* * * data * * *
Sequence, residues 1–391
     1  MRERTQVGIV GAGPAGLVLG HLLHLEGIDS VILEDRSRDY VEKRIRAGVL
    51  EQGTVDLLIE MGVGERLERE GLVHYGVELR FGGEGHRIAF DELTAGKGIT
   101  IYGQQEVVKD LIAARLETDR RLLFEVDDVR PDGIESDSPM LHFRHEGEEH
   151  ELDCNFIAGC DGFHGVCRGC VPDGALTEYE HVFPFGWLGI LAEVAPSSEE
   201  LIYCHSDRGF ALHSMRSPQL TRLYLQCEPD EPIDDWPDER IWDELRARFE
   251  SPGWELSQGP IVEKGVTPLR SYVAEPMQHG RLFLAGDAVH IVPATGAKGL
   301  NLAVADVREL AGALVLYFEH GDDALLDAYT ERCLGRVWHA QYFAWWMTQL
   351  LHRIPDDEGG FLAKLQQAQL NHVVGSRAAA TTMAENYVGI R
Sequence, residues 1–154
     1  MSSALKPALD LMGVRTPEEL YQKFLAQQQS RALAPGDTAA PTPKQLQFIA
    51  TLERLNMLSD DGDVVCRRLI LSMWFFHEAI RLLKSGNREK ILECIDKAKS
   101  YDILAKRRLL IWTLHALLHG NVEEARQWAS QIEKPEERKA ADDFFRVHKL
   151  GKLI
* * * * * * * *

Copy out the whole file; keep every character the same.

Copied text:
Sequence, residues 1–391
     1  MRERTQVGIV GAGPAGLVLG HLLHLEGIDS VILEDRSRDY VEKRIRAGVL
    51  EQGTVDLLIE MGVGERLERE GLVHYGVELR FGGEGHRIAF DELTAGKGIT
   101  IYGQQEVVKD LIAARLETDR RLLFEVDDVR PDGIESDSPM LHFRHEGEEH
   151  ELDCNFIAGC DGFHGVCRGC VPDGALTEYE HVFPFGWLGI LAEVAPSSEE
   201  LIYCHSDRGF ALHSMRSPQL TRLYLQCEPD EPIDDWPDER IWDELRARFE
   251  SPGWELSQGP IVEKGVTPLR SYVAEPMQHG RLFLAGDAVH IVPATGAKGL
   301  NLAVADVREL AGALVLYFEH GDDALLDAYT ERCLGRVWHA QYFAWWMTQL
   351  LHRIPDDEGG FLAKLQQAQL NHVVGSRAAA TTMAENYVGI R
Sequence, residues 1–154
     1  MSSALKPALD LMGVRTPEEL YQKFLAQQQS RALAPGDTAA PTPKQLQFIA
    51  TLERLNMLSD DGDVVCRRLI LSMWFFHEAI RLLKSGNREK ILECIDKAKS
   101  YDILAKRRLL IWTLHALLHG NVEEARQWAS QIEKPEERKA ADDFFRVHKL
   151  GKLI